Make Banana Cry plays with the tropes of a colonial exhibition and a fashion show—two types of events that are conducive to the staging and showcasing of bodies. In your take on these contexts, you explore the concept of “Asianness.” What would you like to activate within the audience, or what do you hope will trouble within their gaze?

Andrew Tay: In this iteration of the work, we have gathered artists with diverse cultural backgrounds from the east Asian diaspora—roots that Stephen and I also share. The objects we feature are mostly inexpensive mass produced consumer goods made in China. This play on cheapness is a very self-aware nod to a cliché of Asianess in Western culture. By exposing these objects on pedestals, we evoke a sort of sacred scenography and create a critical disconnect.

The fashion show is a parade, a procession that is very close to a ritual where bodies and images are continually fed to the audience. Make Banana Cry is a conveyer belt of cultural, bodily, and gender codes. This setting allows members of the audience to take stock of their own gaze, of the ways in which they contribute to perpetuating stereotypical images by projecting ideas and by labelling and fetishizing these bodies.

Stephen Thompson: We knowingly play with the idea that the audience is there to see something exotic by thwarting norms and expectations.

Of course, the fashion show is also a critique of capitalism and consumerism, while the faux exhibition addresses colonial issues inherent to national museums and cultural institutions. To us, this particular context is mostly a way of calling attention to the details of the performance. 

The audience’s gaze thus navigates between the various Asian signifiers stemming from both traditional and popular culture, as well as more abstract elements. As soon as they enter the venue, the members of the audience become aware of themselves. They see themselves watching. This is what creates the dual tension between thought and sensation; between what you perceive and what you project.


How do you approach the friction between fixed Asian stereotypes and the complex intersectional identities of the performers that are featured in your work?

S. T.: For a long time, we wondered how to deconstruct stereotypical gestures—with costumes? Or object play? It’s a bit of both. The idea is to create a space that allows us to explore the ways in which meaning can emerge from within us and also be subjected to an external gaze.

As for the creative process, we had conversations about our personal histories and how we relate to images of “asianess” we see perpetuated in the media, as well as the origins of certain stereotypes and archetypes.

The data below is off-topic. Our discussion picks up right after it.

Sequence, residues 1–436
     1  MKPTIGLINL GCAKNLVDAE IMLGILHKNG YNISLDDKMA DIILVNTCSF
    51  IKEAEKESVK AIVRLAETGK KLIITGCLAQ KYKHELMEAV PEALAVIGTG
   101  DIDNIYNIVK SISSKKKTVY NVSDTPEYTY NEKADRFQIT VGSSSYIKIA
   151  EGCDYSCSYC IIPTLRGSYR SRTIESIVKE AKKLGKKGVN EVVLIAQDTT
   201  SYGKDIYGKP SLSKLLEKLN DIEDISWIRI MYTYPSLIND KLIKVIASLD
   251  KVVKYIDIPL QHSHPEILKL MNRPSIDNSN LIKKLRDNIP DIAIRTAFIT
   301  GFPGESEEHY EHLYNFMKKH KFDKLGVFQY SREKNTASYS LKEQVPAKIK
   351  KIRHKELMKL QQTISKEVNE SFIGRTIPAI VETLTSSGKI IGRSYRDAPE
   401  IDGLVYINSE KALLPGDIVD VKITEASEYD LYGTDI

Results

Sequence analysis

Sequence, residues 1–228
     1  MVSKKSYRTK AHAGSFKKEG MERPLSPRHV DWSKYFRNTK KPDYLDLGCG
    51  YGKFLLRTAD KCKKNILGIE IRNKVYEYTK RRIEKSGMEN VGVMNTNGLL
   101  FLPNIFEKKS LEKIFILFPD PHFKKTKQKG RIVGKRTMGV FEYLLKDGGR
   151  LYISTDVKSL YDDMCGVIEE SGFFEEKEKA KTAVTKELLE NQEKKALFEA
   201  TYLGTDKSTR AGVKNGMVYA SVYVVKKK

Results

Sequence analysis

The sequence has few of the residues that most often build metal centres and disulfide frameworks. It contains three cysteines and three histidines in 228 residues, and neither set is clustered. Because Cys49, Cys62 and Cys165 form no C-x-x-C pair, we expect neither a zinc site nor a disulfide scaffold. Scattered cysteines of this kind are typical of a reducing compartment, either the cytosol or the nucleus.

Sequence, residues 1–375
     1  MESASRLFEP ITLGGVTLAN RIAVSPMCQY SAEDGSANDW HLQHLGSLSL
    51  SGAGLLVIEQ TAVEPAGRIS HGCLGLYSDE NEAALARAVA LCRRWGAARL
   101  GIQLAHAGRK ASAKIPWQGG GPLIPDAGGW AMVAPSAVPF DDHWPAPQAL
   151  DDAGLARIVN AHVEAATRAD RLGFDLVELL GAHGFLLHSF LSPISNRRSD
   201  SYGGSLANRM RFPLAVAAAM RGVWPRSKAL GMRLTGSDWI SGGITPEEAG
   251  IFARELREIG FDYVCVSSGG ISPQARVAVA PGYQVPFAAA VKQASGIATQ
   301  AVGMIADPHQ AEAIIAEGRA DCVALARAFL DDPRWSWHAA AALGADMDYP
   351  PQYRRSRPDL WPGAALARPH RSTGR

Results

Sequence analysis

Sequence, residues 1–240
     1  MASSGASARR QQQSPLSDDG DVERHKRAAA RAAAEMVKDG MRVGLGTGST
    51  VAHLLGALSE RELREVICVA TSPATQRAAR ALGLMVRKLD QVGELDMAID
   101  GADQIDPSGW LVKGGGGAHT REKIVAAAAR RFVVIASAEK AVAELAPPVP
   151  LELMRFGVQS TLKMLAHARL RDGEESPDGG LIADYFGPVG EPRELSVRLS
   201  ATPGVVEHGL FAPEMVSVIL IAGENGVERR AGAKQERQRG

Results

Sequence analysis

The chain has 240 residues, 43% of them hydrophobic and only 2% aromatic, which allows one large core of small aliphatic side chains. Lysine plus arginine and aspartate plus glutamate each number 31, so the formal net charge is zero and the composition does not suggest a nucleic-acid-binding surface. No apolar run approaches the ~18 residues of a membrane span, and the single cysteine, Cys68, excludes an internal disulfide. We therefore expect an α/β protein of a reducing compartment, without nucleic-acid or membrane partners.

After that, there was an inevitable, deeply intimate task at hand. Each performer contributes to the creative process with his or her own cultural identity and bodily history.

As racialized artists, we have all performed, played, danced or embodied Asian characteristics that we don’t identify with. And so, we all had to look within ourselves to better understand our trauma in relation to all this. With this newfound self-awareness, it becomes interesting to offer the choreographic container we have created and see what comes out.

A. T.: I believe that confronting cultural stereotypes allows us to better understand ourselves. These clichés are embedded in the society around us, and we are in dialogue with them whether we like it or not. Our work with stereotypes is an investigation in the full sense of the word, meaning that it draws on various performative strategies. For example, the purely physical and mechanical approach allows us to deconstruct the posture or position of the body within a stereotype. We also explore moments when a new fantasy or narrative reveals itself.

These layers aren’t fixed, but rather porous—they change from one gaze to another. Someone from the audience might visualize the submissive Asian figure while all I’m doing is bending my knees.

Our work is titled Make Banana Cry, and so we have been very interested in this idea of referential shifts, how easy it is to slip to fall into the trap of a stereotype. As the end of the project approaches, we’re left wondering: is it possible to be freed of these cultural clichés and stereotypes so that we can fully embody the fluid spectrum of our contemporary identities? We hope this work will provide the audience with the necessary space for such considerations.


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